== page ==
With a mix of black and Spanish ethnicity, my curly fro has become my trademark ever since I went natural with the Big Chop by Pamela back in 2013. It is a decision I will never regret, however the journey to natural hair was quite bumpy at times.
Like many black girls, I had relaxers put in my hair as a kid so that it was easier to maintain. I was quite tender-headed and my mom wasn’t havin’ all the screaming and crying. Although the natural hair movement was growing, I kept up the relaxers through my early twenties, only admiring natural hair from afar and never thinking that I could pull it off. The courage to go natural actually came from my then-fiancé, now husband, who wanted me to give it a try. I studied all the methods – transitioning (the breakage points where the wavy roots meet straightened hair worried me), weaves/extensions (my hair is way to thin for that, I’d go bald! And not to mention the tender-headedness again…), wigs (the good ones are expensive!), and the method that scared me the most – THE BIG CHOP (cue the suspenseful music).
Well, it turned out that shortly after our wedding we would be overseas for 11 months, so we chose to chop. In my mind, since I would be around people I didn’t know, it didn’t really matter if I had the worst-case scenario of 11 months of bad hair days. Pamela did my then-relaxed hair for my wedding in Florida, and then a week later I went to California where she cut it all off. I’m not gonna lie, I was scared. I cried that morning and hid my tears so that Pamela wouldn’t get nervous, tried to suppress my trembling during the haircut, ended up loving the cut, but knocked out on the drive home from wearing myself out with all the stress. I’m telling you, my hair has never been easier to maintain than that first month after Pamela cut my hair!
While overseas for studies, I pretty much did wash-n-go’s and co-washes for the first couple of months and then blew out my hair to sport an afro. I hadn’t gone to a hair dresser the whole time while overseas, so when my ends got a little crazy towards the end of our trip, my husband and I attempted to trim it ourselves by twisting and dusting. Our trimming attempt was terribly uneven, but it did the job. When I returned to the US, I knew it was time to get a professional trim. As every black woman knows, finding the right hairdresser is a serious decision. As kids we hear horror stories of how some hairdressers will burn your scalp and ears, or cut your hair super short if they are jealous of your length (I don’t know if that’s all true, but it’s something I can’t un-hear). Also, we are VERY weary of “pigment-challenged” hairdressers. The ONLY white hairdresser I have ever trusted my hair with was Pamela, and that’s because she’s my sister. I figured she would be very careful to not mess up her big sister’s hair, and if she did, I’d remind her that I KNOW WHERE SHE SLEEPS and then I’d forgive her of course (haha just kidding Pamela). And you can take it from me, Pamela’s definitely got talent, I would trust my hair with her again if I lived in California! However since I live in Florida, the first thing I did was ask for hairdresser recommendations from family.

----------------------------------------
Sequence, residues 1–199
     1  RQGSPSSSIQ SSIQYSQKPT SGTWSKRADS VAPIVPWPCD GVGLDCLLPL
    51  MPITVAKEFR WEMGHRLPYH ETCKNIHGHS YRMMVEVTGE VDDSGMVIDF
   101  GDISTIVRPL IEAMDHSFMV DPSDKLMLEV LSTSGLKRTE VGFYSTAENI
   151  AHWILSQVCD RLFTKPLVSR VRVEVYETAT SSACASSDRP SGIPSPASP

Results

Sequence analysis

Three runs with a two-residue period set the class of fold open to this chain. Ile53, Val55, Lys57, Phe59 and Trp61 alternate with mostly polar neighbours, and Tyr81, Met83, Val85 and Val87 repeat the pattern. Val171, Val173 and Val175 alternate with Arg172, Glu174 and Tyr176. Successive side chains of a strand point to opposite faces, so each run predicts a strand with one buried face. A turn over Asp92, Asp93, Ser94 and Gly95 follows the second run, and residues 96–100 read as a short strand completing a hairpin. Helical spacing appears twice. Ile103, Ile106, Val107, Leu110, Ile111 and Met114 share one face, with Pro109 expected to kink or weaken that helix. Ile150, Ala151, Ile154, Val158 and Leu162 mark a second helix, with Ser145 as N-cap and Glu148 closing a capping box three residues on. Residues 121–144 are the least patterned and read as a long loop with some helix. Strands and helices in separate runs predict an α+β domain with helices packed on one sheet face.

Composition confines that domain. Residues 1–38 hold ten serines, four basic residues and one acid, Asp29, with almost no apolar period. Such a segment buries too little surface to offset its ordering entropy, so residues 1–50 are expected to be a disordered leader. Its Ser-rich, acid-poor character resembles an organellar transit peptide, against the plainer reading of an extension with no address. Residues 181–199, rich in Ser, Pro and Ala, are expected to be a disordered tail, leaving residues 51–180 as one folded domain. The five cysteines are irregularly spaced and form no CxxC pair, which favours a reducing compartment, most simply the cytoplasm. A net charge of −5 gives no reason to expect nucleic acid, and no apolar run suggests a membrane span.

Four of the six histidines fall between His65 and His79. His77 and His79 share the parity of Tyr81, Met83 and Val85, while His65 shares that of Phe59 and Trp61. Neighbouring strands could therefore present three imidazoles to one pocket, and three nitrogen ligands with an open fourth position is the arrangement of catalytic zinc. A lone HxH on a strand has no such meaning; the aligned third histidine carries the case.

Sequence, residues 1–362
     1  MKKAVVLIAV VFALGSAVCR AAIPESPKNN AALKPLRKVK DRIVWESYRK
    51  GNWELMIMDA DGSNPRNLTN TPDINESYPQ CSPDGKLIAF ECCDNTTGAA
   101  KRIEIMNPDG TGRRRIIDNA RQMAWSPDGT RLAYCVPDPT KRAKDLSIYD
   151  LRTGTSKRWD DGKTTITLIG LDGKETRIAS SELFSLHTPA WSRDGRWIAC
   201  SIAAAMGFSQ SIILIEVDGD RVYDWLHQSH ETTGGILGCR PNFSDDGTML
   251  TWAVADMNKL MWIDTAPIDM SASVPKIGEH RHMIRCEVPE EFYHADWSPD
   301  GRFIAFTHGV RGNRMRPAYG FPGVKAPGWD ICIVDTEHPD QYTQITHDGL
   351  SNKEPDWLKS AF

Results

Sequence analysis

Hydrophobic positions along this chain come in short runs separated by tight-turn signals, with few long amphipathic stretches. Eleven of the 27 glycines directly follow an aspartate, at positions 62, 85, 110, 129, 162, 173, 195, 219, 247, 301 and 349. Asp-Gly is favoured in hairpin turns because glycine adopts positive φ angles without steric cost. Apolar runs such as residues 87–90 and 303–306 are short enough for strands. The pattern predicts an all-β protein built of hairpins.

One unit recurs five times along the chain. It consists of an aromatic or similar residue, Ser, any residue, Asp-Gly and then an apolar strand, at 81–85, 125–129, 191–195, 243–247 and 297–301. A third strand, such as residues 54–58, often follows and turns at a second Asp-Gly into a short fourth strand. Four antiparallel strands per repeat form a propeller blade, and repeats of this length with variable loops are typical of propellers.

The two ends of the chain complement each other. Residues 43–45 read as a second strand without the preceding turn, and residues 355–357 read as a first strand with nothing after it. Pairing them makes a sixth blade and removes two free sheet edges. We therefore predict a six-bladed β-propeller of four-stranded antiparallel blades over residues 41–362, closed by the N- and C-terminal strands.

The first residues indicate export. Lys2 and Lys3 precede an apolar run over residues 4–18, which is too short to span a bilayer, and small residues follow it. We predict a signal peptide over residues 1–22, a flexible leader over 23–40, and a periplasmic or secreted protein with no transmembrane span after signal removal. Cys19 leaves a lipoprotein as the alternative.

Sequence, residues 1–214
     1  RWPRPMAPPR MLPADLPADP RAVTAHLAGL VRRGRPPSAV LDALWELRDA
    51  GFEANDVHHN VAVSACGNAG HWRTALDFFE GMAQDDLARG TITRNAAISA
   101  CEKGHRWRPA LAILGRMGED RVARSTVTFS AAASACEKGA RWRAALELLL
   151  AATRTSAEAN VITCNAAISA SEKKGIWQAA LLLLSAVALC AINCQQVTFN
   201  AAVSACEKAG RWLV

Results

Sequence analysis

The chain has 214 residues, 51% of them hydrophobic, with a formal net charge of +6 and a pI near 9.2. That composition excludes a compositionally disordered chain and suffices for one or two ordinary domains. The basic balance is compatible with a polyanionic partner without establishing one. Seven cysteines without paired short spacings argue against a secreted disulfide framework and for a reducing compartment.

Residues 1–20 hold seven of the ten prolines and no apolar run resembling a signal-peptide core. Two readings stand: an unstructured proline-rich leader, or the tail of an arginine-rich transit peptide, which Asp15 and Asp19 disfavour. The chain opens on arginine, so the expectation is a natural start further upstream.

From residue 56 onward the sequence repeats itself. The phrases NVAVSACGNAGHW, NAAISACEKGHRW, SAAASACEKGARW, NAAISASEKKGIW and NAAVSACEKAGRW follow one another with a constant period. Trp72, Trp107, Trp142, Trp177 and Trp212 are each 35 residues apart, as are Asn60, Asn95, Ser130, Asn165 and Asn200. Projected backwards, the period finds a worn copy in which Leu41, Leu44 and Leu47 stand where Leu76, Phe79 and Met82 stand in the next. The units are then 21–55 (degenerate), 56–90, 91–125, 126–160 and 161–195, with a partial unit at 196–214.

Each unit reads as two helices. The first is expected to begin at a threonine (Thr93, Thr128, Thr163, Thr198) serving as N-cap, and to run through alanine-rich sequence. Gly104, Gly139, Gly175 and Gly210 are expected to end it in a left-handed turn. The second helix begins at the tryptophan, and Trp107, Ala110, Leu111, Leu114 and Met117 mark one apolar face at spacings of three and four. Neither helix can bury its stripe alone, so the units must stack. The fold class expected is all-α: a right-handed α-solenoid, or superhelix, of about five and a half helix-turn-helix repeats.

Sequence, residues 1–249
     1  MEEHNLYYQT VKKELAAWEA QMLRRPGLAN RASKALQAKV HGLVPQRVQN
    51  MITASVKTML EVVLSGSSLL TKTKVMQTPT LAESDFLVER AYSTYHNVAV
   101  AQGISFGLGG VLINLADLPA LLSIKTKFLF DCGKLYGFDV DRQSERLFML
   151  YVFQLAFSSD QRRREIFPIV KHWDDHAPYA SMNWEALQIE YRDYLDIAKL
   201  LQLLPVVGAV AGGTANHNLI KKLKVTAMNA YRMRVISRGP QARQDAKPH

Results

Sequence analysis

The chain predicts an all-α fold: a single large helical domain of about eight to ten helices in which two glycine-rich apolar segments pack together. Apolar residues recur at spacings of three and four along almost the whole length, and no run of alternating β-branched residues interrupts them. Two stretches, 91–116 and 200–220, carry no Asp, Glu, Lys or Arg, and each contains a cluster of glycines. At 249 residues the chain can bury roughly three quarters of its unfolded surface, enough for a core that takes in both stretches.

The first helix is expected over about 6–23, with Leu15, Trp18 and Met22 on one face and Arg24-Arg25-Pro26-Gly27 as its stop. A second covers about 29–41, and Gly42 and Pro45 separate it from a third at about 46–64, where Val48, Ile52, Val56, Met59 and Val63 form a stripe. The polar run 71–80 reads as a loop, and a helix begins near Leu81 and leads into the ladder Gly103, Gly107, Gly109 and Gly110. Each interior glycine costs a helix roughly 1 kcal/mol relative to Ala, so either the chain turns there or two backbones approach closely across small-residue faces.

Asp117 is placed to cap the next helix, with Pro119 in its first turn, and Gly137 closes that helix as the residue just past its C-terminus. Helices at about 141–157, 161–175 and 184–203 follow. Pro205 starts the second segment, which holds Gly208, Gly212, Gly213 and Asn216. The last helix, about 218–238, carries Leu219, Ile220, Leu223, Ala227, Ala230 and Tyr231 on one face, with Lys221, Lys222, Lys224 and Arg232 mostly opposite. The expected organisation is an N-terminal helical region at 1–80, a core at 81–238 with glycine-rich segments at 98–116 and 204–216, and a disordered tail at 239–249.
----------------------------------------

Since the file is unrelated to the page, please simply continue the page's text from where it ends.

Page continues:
My aunt goes regularly to a hairdresser named Jan, and I asked my aunt a lot of questions like, Has she ever burned you with a curling or flat iron? Does she work with natural hair? What topics does she tend to chat with you about? Jan came highly recommended, so I gave her a try, and have been going to her ever since about every 3 months to get my hair washed, blow-dried, flat-ironed, and trimmed. The first time I saw Jan for a trim, she asked how my hair got so uneven. I told her about our self-trimming attempt overseas, and she replied, “Wow, I see you guys had fun back here!” Fortunately, she got me all cleaned up and my curls are looking healthier and healthier each visit. Now that my hair is too floppy for a blown out afro, I’ve gone back to wash-n-go’s and co-washes for the curly fro look. Overall, I am very very happy with the decision to go natural, a supportive husband throughout this whole process, and the blessing of having great hairdressers on each US coast!